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Part-Time MBA vs Full-Time MBA: What’s the Difference?

GRADUATE STUDIES | 5 MIN READ

A colorful illustration of two part-time MBA students, one male and one female, balancing their work with classes to advance in their fields.

Are you ready to earn your MBA, but not sure if you should take the part-time or full-time path to completion?

First, congratulate yourself on making a sound career decision. Earning an MBA opens doors to new companies and higher-paying work. In a poll conducted by The Wall Street Journal and Times Higher Education, a large number of professionals with MBAs said their salary doubled with their master’s degree in hand. It’s an investment, of course, in both time and money, but one that should pay off nicely in the long term.

That said, now you need to make another choice, even before landing on a school. Do you want to earn that MBA in a full-time program, or in one that is part-time? The end result will be the same, but how you get there will be very different.

Thinking about a few basic factors can help you get started on making your choice. Consider these three, for starters: What stage of life are you in? What is your financial situation? What kind of timetable are you on?

Keep this information handy—because next up is a deep dive into the pros and cons of each format. To truly decide whether a part-time or full-time MBA is right for you, investigate these three big-picture questions:

What Do You Need from Your MBA?

The nature of a full-time MBA program makes it a good fit for career-changers or those just starting out.

For one thing, a full-time program gives you a built-in cohort for support. That’s especially helpful if you’re switching to a new career and want to knit together a professional network.

On the flip side, you’ll have a pretty heavy course load and potentially less freedom to explore different electives or areas of concentration. You’ll also find you might have to cope with less time for outside work, family responsibilities or a social life. (Being the devoted studier that you are, of course.)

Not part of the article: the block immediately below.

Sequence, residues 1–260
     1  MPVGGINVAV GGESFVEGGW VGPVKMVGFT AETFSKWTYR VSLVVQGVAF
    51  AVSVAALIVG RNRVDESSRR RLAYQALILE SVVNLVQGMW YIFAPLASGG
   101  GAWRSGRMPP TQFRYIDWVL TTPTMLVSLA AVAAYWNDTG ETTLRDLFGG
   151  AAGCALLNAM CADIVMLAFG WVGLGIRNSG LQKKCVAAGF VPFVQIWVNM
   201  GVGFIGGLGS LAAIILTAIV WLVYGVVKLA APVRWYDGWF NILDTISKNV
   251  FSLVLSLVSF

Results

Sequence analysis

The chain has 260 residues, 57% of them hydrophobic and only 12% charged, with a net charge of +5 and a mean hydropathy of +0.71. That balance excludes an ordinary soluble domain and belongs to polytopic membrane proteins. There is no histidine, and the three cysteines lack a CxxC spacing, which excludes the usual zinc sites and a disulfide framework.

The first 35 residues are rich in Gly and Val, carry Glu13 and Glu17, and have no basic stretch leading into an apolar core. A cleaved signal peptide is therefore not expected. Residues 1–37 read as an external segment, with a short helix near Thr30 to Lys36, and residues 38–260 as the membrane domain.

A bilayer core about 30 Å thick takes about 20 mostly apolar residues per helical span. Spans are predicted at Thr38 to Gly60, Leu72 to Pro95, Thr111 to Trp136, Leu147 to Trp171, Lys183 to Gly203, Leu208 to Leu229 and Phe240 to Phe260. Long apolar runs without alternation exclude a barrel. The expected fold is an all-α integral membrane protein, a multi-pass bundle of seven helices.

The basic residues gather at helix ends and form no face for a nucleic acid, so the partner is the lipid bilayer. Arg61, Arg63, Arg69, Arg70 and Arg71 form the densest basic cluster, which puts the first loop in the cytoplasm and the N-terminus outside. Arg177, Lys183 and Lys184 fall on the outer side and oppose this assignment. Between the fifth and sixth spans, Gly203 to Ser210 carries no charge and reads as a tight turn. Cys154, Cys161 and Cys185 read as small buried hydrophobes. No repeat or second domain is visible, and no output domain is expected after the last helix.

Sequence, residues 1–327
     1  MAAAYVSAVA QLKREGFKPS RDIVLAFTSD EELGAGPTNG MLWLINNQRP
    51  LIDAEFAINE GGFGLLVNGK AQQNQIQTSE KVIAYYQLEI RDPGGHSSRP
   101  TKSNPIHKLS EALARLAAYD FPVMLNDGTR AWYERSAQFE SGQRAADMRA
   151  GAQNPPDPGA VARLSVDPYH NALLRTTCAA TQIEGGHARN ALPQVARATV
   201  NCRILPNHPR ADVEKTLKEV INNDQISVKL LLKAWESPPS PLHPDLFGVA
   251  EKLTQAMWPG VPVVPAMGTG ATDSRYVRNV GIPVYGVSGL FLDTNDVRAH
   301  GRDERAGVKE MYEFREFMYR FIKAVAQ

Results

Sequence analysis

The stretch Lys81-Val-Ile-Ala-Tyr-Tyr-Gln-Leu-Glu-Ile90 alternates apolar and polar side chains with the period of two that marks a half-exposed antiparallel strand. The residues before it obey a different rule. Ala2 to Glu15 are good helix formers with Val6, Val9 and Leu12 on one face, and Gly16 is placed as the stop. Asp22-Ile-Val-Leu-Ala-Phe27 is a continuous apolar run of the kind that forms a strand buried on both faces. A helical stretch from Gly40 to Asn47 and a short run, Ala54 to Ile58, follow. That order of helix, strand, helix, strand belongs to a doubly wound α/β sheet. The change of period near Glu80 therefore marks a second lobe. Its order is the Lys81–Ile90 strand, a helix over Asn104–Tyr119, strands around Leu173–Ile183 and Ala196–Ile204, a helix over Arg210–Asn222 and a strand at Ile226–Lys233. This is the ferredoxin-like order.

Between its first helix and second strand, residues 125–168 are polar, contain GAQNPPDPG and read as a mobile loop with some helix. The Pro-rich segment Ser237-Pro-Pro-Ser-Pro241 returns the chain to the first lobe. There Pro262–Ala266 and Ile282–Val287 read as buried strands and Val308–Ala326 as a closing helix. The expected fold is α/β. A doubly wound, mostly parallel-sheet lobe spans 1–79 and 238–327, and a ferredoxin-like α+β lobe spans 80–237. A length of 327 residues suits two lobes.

For a busy professional, the features of a part-time format might make for a better match.

Part-time programs are typically designed for professionals who want to stay in their field but are looking to climb the corporate ladder. (This could be true of a full-time program, too, but it’s generally not a central feature.)

Part-time students tend to be more experienced. On top of working a full-time job during the day, they often have family or home commitments to balance with classwork. They need to pursue their degree according to what works best with their lives.

One important note: You don’t have to choose between two extremes here. Quality MBA programs have offered hybrid or “flex” class schedules even before the coronavirus pandemic required students to learn virtually.

Bottom line: You should search for schools that provide flexibility and support no matter how you elect to take your classes.

How Much Does an MBA Cost?

The thought of an MBA degree might give some of you instant sticker shock. The conventional wisdom says that full-time MBA students pay each year’s or semester’s tuition at once, like you did as an undergrad.

But dig deeper and you can discover some real value.

It is true that part-time MBA programs allow you to spread payments out over time. The upfront cost takes less of a bite out of your budget. But scholarship money is available to both full-time and part-time students. Plus, many employers will help cover tuition costs. And, of course, students can look into a number of other financial and loan options to ease the burden.

Part-timers do get a bit of an edge in this respect: They can keep their day jobs as they work their way to a degree.

How long is an MBA Program?

Full-time MBA programs typically last two years, although some accelerated programs can be completed faster. In your first year, you’ll learn management and business fundamentals. The second year is packed with electives and classes in your area of specialization.

Part-time programs allow a little more space and flexibility. It’s not unheard of to enroll in just one or two classes at a time. Some students take up to six years to complete their MBA, though many finish in three to five years.

Elmhurst University offers a cohort program that can be completed in less than a year full-time or in just two years part-time, with 11 areas of specialization to choose from. The University also gives students five years to complete the program, although most will complete it in fewer than two years.

In the end, the MBA program you choose should be the program that works best for you, your family, your budget and your employment situation.

The Elmhurst MBA could be right for you. It is flexible and customizable.  Request more info today by completing the form below!

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Sources

Posted June 9, 2020

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